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Wednesday, 4 December 1935


Senator A J McLACHLAN (SOUTH AUSTRALIA) (Postmaster-General) . - in reply - I can only express gratification on the part of the Government at the reception accorded to this bill by honorable senators of all political parties. Various subjects have been referred to which can be more appropriately discussed in committee. The Leader of the Opposition (Senator Collings) said that this measure is belated. It is all very well to talk about the improved position of the Commonwealth, but we still have a financial skeleton in the cupboard. While this is present, we must proceed warily, lest through reckless generosity the financial equilibrium be disturbed and those who are now receiving the bounty of the Australian people be later placed in a less fortunate position. Prudence is absolutely essential, not only in the interests of the community as a whole, but particularly in the interests of the classes of persons whom the Government is endeavouring to assist. It would, indeed, be painful if anything should occur in the economic structure of Australia which would necessitate any reduction or whittling away of the privileges which this legislation confers on returned soldiers, and which have been so justly earned by them. The bill which has been so well received by the Senate has had the consideration of the Government for a considerable time, especially during the last few weeks in the light of the representations to which Senator Brand referred, and the concessions which it makes represent the utmost limit to which the Government is prepared to go. This is, in fact, the last word that the Government is able to say on this matter, and I ask honorable senators to accept the bill in thai spirit. I endorse the statement made by Senator Brand that the cost may be even greater than that which I estimated in my explanatory speech this morning. The matters raised by Senator Hardy can be best dealt with in committee, but I agree with the honorable senator that the information which has been placed before this chamber, discloses the terrible toll that the Great War is taking of the manhood of the world.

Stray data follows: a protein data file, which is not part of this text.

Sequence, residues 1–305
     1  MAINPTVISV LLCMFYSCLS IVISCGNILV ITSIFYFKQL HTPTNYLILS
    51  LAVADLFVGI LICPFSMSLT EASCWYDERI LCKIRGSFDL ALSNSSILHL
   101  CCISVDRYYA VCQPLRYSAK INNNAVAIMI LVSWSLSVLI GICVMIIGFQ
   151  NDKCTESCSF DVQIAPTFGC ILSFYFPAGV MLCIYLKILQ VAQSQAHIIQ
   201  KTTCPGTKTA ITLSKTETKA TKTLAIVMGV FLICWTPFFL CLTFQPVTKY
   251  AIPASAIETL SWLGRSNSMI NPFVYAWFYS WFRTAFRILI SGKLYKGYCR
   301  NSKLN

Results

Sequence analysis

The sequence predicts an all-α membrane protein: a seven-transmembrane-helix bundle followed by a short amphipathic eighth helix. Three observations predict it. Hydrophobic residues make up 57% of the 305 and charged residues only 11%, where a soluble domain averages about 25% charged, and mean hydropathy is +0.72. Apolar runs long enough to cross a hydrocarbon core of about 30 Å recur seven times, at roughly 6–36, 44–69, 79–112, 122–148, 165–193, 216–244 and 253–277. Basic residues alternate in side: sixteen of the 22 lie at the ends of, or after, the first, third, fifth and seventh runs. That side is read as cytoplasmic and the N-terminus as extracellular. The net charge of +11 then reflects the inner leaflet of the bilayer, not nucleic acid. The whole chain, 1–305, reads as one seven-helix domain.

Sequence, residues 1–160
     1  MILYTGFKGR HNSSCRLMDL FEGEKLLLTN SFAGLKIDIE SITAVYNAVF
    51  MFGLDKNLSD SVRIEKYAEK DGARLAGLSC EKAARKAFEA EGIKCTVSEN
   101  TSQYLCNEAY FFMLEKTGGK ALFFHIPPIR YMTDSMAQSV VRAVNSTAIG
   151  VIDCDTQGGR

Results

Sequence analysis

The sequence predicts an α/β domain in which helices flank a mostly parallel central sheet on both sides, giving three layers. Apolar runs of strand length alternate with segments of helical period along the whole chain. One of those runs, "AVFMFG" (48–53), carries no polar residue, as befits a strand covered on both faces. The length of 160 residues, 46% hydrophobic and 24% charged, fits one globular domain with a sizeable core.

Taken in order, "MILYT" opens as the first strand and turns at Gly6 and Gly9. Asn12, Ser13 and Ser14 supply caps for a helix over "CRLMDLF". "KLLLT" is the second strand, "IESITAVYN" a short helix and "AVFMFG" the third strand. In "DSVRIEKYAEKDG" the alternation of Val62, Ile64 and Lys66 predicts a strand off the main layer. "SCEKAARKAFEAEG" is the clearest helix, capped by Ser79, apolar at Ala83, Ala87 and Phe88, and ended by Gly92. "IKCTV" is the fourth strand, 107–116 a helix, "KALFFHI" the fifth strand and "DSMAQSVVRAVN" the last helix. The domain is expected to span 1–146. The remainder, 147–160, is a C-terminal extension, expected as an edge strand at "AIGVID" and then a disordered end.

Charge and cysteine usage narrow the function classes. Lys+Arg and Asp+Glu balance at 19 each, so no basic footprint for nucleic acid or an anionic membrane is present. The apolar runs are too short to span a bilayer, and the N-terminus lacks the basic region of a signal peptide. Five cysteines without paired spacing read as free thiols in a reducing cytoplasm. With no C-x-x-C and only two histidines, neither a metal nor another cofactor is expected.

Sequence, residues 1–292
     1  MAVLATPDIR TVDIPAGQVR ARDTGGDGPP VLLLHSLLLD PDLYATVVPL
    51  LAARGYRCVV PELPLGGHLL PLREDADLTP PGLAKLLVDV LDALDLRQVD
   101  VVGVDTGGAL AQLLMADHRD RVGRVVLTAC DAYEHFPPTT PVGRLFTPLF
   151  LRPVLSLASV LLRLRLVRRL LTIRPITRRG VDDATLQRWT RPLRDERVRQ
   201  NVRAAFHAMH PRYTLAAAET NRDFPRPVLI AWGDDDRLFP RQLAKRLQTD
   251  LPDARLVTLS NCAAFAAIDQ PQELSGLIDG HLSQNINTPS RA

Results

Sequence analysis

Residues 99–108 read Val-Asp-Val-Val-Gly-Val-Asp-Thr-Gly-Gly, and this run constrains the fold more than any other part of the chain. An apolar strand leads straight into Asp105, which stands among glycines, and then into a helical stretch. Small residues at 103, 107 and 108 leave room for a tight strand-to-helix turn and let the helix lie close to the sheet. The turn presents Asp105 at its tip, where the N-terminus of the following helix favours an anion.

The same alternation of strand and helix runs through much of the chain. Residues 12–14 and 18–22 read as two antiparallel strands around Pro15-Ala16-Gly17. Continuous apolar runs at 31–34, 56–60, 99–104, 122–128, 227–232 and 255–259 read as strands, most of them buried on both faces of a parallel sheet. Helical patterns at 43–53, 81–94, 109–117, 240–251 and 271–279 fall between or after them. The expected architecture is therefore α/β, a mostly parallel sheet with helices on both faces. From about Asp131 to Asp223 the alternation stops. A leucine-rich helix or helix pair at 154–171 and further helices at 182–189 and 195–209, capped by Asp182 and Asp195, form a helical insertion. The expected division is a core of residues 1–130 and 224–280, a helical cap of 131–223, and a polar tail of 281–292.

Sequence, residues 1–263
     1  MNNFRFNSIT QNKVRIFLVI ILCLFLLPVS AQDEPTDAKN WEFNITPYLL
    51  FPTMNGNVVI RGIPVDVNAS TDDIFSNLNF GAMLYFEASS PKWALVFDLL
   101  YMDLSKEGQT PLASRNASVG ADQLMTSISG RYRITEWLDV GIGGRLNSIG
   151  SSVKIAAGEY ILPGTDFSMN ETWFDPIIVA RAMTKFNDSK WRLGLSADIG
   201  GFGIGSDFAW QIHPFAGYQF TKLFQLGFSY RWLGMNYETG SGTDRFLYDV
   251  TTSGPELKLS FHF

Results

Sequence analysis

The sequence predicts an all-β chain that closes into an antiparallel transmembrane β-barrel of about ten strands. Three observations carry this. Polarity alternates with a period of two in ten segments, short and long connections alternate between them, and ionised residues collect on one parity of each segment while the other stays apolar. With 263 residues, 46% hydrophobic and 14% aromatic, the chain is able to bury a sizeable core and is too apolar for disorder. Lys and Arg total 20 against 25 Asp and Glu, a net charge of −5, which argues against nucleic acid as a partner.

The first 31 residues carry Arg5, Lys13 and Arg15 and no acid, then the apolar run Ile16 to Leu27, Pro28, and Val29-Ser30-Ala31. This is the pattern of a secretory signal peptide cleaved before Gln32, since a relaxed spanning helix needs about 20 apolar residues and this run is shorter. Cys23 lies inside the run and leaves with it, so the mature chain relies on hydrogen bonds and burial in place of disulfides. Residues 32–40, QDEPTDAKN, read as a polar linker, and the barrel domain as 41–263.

Question resolved in the affirmative.

Bill read a second time.

In committee:

Clauses 1 to 3 agreed to.

Clause 4 (Definitions).







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